There are many criticisms that could be leveled at the NBA, but Fels’ essay does not make those criticisms. He uses evasive language to express his discontent with the NBA, but the disdain that he feels for NBA players is the same disdain that the Michigan alumni felt for the Fab Five. The sentiments expressed in Fels’ essay are culturally racist; that is, they operate under the assumption that black NBA culture is fundamentally flawed, and inferior to the predominately white NHL culture.
The cultural landscape surrounding hockey is very different. NHL fans celebrate the grittiness of their athletes. Hockey players are expected to play through severe pain, and in the playoffs, injuries are not disclosed until the end of a series. NHLers are supposed to be polite to reporters and fans, and controversy is avoided at all costs. There aren’t supposed to be any characters in the National Hockey League (i.e., Ron Artest). The reality doesn’t always fit the image, but regardless, it is embraced wholeheartedly.
On average, hockey fans are wealthier than NBA, MLB, or NFL fans (with an average yearly income of $104,000), are more educated than fans of other sports (68% of hockey fans have attended college), and are more likely to be fully employed than other fans (64% hold full-time jobs). 2010 data from SportsBusiness Journal Daily shows than NHL fans are more likely to be male (63.6%) and white (86%) than MLB, NBA, NFL, MLS, or NASCAR fans. And these fans gravitate towards athletes that display the white, male upper-middle class propriety that they probably attempt to replicate in their own lives.
It is worth noting that there are prominent blacks in the NHL. Biracial Canadian Jarome Iginla is the captain of the Calgary Flames, and has won every major hockey award except the Stanley Cup. Iggy, as he is called, is beloved for his on-ice grittiness and off-ice generosity. Canadians PK Subban and Evander Kane are promising young talents. All three men are well-respected, though Subban has received heavy criticism for being “a pest” on the ice (many have also wondered if the controversy surrounding Subban is racially motivated).
When I connected hockey fans’ dislike of basketball to racism in the comments section of Fels’ piece, I was met with immediate backlash. Some commenters did acknowledge that hockey fans’ animosity towards basketball could be connected to racism, but they expressed similar disdain for NASCAR and white ‘Southern culture’ (which varies from state to state), or expressed frustration with what they perceived as poor NBA officiating.
Another commenter believed injecting race into the conversation was “insulting,” and he was rewarded for calling me out by another individual who believed that people are afraid of sticking up for their “actual thoughts because they are afraid of being called racist.”
Others argued that hockey players are more respected by their communities than NBA players, and that players would “knock [each other] down a peg” if they displayed the selfishness of NBA players. The same man said that one could “call him racist, envious, or whatever,” but that he “could not get behind the theatrics of the NBA and its players.”
Similarly, another commenter said that NBA culture does transfer “the worst traits of American society like no other sport does.” The Vancouver riots – both the 1994 and 2011 editions – incurred over a million Canadian dollars in property damage, and showed us that people of all races can embody the ‘worst traits of American society.’ But the discourse surrounding the riots has focused on the cleanup efforts. There have been no sweeping calls to change hockey culture, and no one would suggest that the population of Vancouver is fundamentally depraved. Some rioters have been demonized on social media sites – incriminating Facebook statuses have been reposted and ridiculed on Tumblr – but public disdain has focused on the rioters’ deeds and not their racial identities.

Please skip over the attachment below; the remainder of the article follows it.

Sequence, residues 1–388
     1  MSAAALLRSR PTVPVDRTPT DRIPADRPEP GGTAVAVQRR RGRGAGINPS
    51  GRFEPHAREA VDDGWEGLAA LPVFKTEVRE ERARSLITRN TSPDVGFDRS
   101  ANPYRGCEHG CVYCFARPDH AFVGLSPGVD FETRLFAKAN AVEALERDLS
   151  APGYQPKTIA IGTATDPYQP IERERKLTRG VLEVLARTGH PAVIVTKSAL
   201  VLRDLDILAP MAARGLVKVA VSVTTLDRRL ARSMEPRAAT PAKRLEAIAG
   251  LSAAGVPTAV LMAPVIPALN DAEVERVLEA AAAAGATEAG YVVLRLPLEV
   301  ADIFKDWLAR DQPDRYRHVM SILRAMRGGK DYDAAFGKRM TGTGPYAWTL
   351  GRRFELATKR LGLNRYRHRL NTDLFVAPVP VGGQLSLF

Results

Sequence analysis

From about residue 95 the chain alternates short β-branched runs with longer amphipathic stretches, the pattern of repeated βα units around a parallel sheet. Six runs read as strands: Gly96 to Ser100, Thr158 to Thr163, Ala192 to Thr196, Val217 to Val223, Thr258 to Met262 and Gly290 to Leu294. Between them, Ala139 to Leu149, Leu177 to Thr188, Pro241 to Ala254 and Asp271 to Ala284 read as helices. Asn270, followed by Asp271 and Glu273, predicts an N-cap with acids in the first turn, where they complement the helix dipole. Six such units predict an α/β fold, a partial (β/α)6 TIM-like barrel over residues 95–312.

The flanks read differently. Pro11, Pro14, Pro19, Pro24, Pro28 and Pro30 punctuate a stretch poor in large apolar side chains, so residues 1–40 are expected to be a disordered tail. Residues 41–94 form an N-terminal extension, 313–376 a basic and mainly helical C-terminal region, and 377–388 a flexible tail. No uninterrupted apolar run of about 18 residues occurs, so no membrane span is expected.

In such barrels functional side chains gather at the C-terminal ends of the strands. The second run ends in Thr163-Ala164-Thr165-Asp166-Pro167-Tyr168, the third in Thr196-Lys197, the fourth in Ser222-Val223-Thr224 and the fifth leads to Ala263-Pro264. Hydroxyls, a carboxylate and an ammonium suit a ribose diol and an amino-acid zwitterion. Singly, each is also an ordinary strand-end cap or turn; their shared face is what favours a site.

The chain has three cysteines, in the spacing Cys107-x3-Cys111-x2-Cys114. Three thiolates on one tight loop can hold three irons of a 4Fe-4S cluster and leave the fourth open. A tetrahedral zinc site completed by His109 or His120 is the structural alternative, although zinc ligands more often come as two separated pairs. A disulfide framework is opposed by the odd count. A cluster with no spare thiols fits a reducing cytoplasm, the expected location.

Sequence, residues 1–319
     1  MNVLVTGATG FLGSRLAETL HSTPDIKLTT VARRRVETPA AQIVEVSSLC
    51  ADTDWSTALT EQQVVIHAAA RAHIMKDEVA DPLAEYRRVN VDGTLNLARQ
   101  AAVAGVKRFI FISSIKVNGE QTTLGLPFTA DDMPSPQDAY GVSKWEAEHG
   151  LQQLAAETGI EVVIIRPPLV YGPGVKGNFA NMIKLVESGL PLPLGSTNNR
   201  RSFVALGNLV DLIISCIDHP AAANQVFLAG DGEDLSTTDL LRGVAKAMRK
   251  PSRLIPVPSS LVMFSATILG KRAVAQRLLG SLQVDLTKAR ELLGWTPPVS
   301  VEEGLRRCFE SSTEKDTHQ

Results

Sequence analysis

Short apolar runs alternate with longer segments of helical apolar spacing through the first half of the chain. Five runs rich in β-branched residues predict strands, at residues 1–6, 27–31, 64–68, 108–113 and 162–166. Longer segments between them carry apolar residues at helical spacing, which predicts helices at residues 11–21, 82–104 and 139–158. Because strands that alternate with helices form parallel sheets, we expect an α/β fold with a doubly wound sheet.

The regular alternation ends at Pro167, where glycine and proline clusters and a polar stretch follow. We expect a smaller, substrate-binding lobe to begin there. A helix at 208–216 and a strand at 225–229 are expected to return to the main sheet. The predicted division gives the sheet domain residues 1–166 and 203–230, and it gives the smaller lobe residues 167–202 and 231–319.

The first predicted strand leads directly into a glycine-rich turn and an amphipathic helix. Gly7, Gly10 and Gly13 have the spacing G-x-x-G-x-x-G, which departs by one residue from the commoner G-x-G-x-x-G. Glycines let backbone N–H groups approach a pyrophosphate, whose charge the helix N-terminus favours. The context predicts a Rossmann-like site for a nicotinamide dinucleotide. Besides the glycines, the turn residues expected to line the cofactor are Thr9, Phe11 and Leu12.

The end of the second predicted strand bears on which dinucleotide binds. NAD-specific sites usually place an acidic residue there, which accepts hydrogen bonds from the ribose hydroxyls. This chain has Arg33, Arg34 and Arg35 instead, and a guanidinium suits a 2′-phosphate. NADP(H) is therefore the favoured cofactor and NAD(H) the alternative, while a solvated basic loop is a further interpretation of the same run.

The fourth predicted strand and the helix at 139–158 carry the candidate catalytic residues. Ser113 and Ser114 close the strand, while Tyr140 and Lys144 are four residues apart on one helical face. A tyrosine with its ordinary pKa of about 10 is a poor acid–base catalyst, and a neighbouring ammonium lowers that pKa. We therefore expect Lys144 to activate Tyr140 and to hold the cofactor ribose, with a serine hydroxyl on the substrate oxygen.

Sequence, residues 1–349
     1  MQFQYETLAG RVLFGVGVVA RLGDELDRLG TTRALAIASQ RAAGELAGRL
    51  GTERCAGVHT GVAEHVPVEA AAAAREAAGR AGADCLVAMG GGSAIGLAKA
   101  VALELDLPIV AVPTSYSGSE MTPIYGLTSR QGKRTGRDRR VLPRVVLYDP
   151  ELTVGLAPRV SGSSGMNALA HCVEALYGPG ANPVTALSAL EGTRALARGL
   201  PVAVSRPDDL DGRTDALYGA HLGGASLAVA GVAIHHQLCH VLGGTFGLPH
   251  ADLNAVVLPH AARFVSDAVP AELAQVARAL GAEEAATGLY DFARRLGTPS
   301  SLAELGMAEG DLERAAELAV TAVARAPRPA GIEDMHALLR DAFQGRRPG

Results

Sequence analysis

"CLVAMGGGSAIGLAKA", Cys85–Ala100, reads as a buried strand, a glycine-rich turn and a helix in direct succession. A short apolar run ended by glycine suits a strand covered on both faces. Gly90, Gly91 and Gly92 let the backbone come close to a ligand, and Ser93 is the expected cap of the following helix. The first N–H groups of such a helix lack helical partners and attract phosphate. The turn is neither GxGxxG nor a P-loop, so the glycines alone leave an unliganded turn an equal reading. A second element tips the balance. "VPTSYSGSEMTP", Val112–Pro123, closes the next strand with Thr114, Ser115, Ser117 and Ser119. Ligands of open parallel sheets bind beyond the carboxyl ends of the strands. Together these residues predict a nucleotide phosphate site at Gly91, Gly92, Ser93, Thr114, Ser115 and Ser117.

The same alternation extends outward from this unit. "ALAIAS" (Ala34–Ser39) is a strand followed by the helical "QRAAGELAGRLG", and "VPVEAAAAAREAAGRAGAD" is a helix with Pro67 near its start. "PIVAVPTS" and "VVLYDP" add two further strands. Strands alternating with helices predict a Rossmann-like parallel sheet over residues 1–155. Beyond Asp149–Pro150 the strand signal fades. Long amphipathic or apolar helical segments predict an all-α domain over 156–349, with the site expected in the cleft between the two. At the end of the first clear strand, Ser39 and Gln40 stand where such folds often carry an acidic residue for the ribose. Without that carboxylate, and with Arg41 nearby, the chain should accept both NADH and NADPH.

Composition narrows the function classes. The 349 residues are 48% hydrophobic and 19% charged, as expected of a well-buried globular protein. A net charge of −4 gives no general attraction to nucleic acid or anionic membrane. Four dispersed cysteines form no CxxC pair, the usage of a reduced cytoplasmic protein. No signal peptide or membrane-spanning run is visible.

The racially-charged comments about Fels’ piece continued. One commenter argued that he couldn’t be racist because some of his favorite Chicago athletes were black. And my favorite quote expressed frustration with NBA players who were “ensconced in their own bubbles of luxurious isolation, replete with a retinue of hangers-on and mooches from their younger days.” This particular commenter said that NBA players were incapable of showing generosity like Washington Capitals forward Brooks Laich, who stopped to change a woman’s tire after being eliminated from the playoffs last year. (Laich is also a prized UFA, and the embodiment of the NHL aesthetic).
I don’t know of any NBA players who have pulled over to change a fan’s flat tire, but retired Alonzo Mourning’s foundation, AM Charities, is one of the best-run NBA player organizations. Under the auspices of AM Charities, Mourning has raised funds to build the Overtown Youth Center in Miami and sponsors the Honey Shine mentoring program for girls. AM Charities’ flagship event is “Zo’s Summer Groove,” a five-day event – in its 15th year – that has raised over 7 million dollars for youth programs in South Florida. Many current and former NBA stars, including Mourning’s former Heat teammates Dwyane Wade and Gary Payton, have participated in the event. And Mourning’s work has also inspired younger NBA players like LeBron James and Chris Paul to do charity work.
However, none of the Second City Hockey commenters mentioned NBA players’ charity work during their critiques of the league. They continued to insist that hockey fans are not racist, and argued that any discussion of race and sports was only meant to “ratchet up angst” by people who did not have a strong argument to make. Yet, their comments tell another story. There is nothing wrong with disliking basketball, but the commenters used code words (and sometimes didn’t use them) to mask contempt for black NBA players. If Sam Fels and the SCH commenters can express admiration for the gritty, ‘team-oriented’ ball of the Dallas Mavericks, they can surely acknowledge the positive actions of other black basketball players. And maybe, they’ll see that LeBron isn’t such a bad guy.
Top image courtesy of Barstool Sports